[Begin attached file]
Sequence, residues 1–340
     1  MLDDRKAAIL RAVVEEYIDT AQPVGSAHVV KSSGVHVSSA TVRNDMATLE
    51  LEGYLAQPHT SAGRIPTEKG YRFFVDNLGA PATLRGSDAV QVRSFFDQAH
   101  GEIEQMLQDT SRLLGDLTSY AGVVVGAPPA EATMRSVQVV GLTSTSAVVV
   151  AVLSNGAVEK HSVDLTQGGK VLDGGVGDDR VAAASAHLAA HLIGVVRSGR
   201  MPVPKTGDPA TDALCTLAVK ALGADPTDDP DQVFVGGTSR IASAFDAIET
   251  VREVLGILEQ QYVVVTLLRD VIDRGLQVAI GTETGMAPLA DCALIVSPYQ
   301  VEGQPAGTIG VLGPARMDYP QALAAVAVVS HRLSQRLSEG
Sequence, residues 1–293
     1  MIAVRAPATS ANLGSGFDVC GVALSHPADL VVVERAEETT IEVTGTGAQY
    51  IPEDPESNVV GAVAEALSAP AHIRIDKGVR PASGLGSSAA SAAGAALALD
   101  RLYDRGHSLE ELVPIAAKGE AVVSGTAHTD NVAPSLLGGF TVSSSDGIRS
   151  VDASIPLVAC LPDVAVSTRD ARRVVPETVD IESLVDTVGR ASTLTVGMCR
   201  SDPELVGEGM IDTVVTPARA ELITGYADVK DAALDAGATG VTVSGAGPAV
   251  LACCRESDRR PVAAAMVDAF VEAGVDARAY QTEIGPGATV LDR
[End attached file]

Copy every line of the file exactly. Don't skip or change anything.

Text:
Sequence, residues 1–340
     1  MLDDRKAAIL RAVVEEYIDT AQPVGSAHVV KSSGVHVSSA TVRNDMATLE
    51  LEGYLAQPHT SAGRIPTEKG YRFFVDNLGA PATLRGSDAV QVRSFFDQAH
   101  GEIEQMLQDT SRLLGDLTSY AGVVVGAPPA EATMRSVQVV GLTSTSAVVV
   151  AVLSNGAVEK HSVDLTQGGK VLDGGVGDDR VAAASAHLAA HLIGVVRSGR
   201  MPVPKTGDPA TDALCTLAVK ALGADPTDDP DQVFVGGTSR IASAFDAIET
   251  VREVLGILEQ QYVVVTLLRD VIDRGLQVAI GTETGMAPLA DCALIVSPYQ
   301  VEGQPAGTIG VLGPARMDYP QALAAVAVVS HRLSQRLSEG
Sequence, residues 1–293
     1  MIAVRAPATS ANLGSGFDVC GVALSHPADL VVVERAEETT IEVTGTGAQY
    51  IPEDPESNVV GAVAEALSAP AHIRIDKGVR PASGLGSSAA SAAGAALALD
   101  RLYDRGHSLE ELVPIAAKGE AVVSGTAHTD NVAPSLLGGF TVSSSDGIRS
   151  VDASIPLVAC LPDVAVSTRD ARRVVPETVD IESLVDTVGR ASTLTVGMCR
   201  SDPELVGEGM IDTVVTPARA ELITGYADVK DAALDAGATG VTVSGAGPAV
   251  LACCRESDRR PVAAAMVDAF VEAGVDARAY QTEIGPGATV LDR